For the Temple of God, which you are, is Holy
A Reflection by Sister Frances Briseño, OSB
I love this time of year in our Liturgical calendar! We are anticipating the season of Lent. The Sunday readings leading up to Lent call us to be our best selves; our true selves. We can’t help but read them without a reflective eye on ourselves.
On February 19, we read in Leviticus, “be holy, for I, the Lord your God, am holy.” This is followed by 1st Corinthians that reminds us that we are a temple of God and that the Spirit dwells within us and finally the Gospel of Matthew ends with “Be perfect just as your heavenly Father is perfect.” These readings might make us a bit nervous, but before we resist the message offered us through these readings, let us take a closer look at how all three readings challenge us to be who God created us to be.
Some of us get nervous when we are called holy. And yet at our baptism we hear the following prayer: “God the Father of our Lord Jesus Christ has freed you from sin, given you a new birth by water and the Holy Spirit, and welcomed you into God’s holy people.” So we are reborn into God’s holy people as a holy child of God with the Holy Spirit dwelling within us. The reading from Leviticus is merely reminding us of who we are in God’s eyes. Paul’s letter to the Corinthians makes it clear “for the temple of God, which you are, is holy”.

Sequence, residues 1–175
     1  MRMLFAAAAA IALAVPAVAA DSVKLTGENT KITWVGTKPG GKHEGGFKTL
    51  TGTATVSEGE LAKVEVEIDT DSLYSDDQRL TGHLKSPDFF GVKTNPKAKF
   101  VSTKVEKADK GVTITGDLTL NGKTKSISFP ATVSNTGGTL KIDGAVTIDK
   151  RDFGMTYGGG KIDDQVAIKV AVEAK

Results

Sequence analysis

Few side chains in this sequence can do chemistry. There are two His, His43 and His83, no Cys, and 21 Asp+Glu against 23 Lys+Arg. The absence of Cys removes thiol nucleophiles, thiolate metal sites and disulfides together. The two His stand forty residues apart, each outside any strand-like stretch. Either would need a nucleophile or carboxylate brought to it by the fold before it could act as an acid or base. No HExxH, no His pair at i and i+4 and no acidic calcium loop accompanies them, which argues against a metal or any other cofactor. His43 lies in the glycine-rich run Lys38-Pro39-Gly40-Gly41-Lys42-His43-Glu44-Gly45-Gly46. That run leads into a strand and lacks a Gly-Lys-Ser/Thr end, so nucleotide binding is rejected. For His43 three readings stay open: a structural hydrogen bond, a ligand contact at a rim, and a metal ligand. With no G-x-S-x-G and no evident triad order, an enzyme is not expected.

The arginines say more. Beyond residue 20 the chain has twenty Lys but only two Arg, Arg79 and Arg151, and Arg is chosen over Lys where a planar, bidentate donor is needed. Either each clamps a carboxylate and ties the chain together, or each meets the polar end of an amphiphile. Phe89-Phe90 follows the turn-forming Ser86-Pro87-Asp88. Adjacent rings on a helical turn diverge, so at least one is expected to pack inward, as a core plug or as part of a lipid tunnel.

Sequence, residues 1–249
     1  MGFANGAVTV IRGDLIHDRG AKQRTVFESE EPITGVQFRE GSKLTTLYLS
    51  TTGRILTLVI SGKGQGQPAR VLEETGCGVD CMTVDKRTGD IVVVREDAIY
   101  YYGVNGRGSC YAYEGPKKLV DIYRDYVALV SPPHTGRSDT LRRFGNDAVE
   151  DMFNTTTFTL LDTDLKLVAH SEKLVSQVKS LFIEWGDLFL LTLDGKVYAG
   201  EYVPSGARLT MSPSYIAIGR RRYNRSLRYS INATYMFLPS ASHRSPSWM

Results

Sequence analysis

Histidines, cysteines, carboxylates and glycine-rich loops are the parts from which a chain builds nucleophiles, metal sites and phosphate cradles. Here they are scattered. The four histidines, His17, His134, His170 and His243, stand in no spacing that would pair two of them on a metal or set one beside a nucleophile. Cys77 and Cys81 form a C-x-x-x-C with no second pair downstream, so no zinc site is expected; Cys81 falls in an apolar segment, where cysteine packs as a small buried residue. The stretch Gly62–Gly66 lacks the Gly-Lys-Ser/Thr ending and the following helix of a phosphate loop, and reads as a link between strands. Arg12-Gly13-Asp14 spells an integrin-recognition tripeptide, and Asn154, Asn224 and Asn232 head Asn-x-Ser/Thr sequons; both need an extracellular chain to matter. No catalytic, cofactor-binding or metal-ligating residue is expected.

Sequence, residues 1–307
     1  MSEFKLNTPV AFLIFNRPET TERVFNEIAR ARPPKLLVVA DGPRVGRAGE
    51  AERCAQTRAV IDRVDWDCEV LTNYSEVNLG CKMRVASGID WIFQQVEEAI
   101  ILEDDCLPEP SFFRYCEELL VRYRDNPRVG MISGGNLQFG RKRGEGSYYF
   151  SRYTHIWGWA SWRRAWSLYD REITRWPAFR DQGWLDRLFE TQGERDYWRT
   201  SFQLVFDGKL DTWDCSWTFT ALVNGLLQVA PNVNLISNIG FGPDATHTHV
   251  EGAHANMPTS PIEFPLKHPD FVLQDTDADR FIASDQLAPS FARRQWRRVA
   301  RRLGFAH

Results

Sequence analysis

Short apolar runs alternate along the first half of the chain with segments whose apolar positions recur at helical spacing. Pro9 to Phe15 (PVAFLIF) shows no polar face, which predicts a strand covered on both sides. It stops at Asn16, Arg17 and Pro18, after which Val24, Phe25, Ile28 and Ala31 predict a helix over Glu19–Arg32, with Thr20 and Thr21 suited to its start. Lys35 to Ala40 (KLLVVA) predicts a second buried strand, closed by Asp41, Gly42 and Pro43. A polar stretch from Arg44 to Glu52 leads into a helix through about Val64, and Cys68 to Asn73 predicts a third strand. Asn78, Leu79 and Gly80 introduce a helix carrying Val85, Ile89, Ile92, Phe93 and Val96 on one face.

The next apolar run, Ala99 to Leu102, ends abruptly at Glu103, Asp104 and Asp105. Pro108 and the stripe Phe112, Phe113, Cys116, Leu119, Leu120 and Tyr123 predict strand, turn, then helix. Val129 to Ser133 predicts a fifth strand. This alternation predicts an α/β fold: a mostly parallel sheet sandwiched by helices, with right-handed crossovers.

The reading from Matthew, “to be perfect as God is perfect,” makes most of us retreat from it because we know that there is no way that we can achieve perfection as we understand that word. The Hebrew word translated as perfect is tamim and means among other things, “whole, sound, healthful and having integrity.” The Greek translation for perfect is teleios which means complete and entire. God created us in God’s own image, that is God created us as “complete and whole” beings and placed a spark of divinity within each of us. The reading from Matthew challenges us to strive to be the person God created. All of us can strive for wholeness, for integrity, all of us can strive to become our best selves.